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What to look out for

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Video transcript

Nadia: Next, I want to take some time to share some insight around assessing risk, and outline a few potential warning signs that we, as young people, think that you should keep a lookout for. We’ve put together these indicators that young people may display, that could suggest that we’re at risk of harming ourselves. These have been taken from  our own lived experiences.

Number 1: we tell you we are! This is the most obvious, but most important one.

Number 2: we attempt to hide risk objects or evidence such as scars. But, be careful not to assume we’re doing this unless there are other reasons or signs to suspect it.

Number 3: there are sudden changes in our behaviour. For example, becoming suddenly very positive or compliant.

Number 4: the use of phrases around being tired, or exhausted, or not wanting to be awake anymore. These can be used as euphemisms for feeling suicidal or not able to cope safely.

Number 5: we are dismissive of ourselves, our emotions, or things that have happened to us, maybe using phrases like, “It doesn’t matter.”

Number 6: we act or speak in a mechanical, flat or robotic way. 

Number 7: we show significant loss of control over our emotions. For example, crying hysterically over a long period of time.

Please bear in mind that this is not a comprehensive checklist. Not everyone will present in the same way, so always treat the individual in front of you.

Lastly, here’s one example from my life which shows these warning signs in a real situation:

So, there was one occasion when I was in my teens, when I was quite actively suicidal and very unsafe within myself. And I called the crisis line, after having a really bad episode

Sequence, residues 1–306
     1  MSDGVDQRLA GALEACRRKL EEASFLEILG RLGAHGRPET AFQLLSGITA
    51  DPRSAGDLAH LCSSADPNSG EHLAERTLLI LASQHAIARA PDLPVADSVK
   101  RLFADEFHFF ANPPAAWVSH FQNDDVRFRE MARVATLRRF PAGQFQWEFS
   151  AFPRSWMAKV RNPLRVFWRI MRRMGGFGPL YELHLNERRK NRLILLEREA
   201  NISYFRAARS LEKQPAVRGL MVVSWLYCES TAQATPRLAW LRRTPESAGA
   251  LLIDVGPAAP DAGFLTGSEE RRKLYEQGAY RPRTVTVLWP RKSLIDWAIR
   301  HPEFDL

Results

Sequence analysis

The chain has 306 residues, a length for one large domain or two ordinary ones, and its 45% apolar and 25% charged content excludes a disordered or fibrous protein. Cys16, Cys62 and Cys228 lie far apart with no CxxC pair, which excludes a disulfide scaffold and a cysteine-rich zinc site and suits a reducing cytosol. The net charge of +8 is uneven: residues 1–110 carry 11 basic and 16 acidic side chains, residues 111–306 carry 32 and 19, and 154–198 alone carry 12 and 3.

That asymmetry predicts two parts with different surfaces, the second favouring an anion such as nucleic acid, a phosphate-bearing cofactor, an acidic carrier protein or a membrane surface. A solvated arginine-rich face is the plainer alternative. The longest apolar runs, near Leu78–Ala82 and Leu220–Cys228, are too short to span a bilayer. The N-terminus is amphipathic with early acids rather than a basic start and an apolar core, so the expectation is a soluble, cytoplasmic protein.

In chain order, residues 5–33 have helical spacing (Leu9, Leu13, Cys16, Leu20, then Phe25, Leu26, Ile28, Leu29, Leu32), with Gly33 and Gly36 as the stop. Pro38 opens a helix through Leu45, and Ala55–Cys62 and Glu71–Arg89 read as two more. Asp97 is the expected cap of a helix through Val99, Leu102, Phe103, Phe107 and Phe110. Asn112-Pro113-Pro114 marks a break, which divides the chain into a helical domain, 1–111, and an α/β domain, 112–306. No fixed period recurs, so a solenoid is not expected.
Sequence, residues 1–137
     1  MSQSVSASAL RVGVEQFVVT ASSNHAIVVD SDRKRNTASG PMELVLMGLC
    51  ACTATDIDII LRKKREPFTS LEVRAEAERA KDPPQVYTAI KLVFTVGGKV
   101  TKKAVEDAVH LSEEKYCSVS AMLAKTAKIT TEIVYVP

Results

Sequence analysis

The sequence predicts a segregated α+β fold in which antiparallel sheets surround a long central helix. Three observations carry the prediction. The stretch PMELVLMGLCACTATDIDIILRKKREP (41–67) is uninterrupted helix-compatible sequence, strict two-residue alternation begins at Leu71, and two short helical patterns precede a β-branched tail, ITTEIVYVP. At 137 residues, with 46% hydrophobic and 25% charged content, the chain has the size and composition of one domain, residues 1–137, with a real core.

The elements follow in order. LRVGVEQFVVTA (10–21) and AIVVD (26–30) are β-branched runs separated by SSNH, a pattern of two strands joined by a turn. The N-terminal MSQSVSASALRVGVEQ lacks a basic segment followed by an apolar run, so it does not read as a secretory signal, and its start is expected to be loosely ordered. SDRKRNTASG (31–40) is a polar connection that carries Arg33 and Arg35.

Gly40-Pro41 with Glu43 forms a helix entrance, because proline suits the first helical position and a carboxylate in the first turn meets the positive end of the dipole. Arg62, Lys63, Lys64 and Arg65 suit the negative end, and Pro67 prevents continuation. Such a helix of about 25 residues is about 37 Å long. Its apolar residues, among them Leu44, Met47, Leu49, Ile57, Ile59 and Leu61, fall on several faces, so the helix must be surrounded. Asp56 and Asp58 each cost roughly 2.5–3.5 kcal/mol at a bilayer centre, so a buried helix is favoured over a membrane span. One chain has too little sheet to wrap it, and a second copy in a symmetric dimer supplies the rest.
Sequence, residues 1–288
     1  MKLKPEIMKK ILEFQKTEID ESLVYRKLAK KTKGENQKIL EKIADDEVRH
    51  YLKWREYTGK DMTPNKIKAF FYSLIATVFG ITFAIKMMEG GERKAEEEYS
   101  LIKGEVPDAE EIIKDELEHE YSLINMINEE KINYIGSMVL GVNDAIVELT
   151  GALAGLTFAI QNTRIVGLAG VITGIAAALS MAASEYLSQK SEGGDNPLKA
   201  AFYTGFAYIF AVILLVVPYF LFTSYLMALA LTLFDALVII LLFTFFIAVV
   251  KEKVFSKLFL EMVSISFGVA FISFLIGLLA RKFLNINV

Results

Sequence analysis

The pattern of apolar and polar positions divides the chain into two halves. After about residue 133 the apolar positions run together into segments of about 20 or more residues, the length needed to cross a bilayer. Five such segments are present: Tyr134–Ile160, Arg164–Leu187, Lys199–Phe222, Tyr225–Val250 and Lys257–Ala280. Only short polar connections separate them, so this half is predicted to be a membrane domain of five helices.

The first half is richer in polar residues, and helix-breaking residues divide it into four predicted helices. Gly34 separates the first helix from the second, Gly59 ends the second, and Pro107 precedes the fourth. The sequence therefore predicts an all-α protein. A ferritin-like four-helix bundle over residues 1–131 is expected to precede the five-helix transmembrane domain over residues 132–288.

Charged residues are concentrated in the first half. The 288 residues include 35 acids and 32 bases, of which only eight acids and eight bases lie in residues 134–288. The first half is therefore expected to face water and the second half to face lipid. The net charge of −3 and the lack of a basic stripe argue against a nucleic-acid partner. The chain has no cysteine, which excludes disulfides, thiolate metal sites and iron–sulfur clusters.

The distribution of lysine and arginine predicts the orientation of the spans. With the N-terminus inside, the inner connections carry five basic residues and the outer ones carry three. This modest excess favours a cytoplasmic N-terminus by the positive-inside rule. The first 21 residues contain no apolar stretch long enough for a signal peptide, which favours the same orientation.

that left me very distressed, and the worker on the phone wasn’t very concerned with what I was saying and wasn’t able to offer me much to help with the situation. So, I felt like my last option had failed, and decided to go through with my plan.

I showed the warning signs, like becoming very suddenly positive, and just trying to end the conversation, and I was able to eat that night for the first time in quite a few weeks.

I was also very calm and able to write my intentions down. However, thankfully, someone intervened and I was kept safe that time.This wasn’t always the case, though, and the next time  I was very suicidal, despite being known to services, I was hospitalised after an attempt.

Let’s work together to make sure that young people in crisis like I wasare safer in the future.

The video included a list of indicators that young people may display, which could suggest that we are at risk of harming ourselves. Examples included ‘they tell you’, ‘attempt to hide scars’, ‘become dismissive’ and ‘Sudden changes in our behaviour without discernible reason – especially becoming suddenly very positive and compliant’. These have been taken from personal lived experiences of young people accessing crisis support.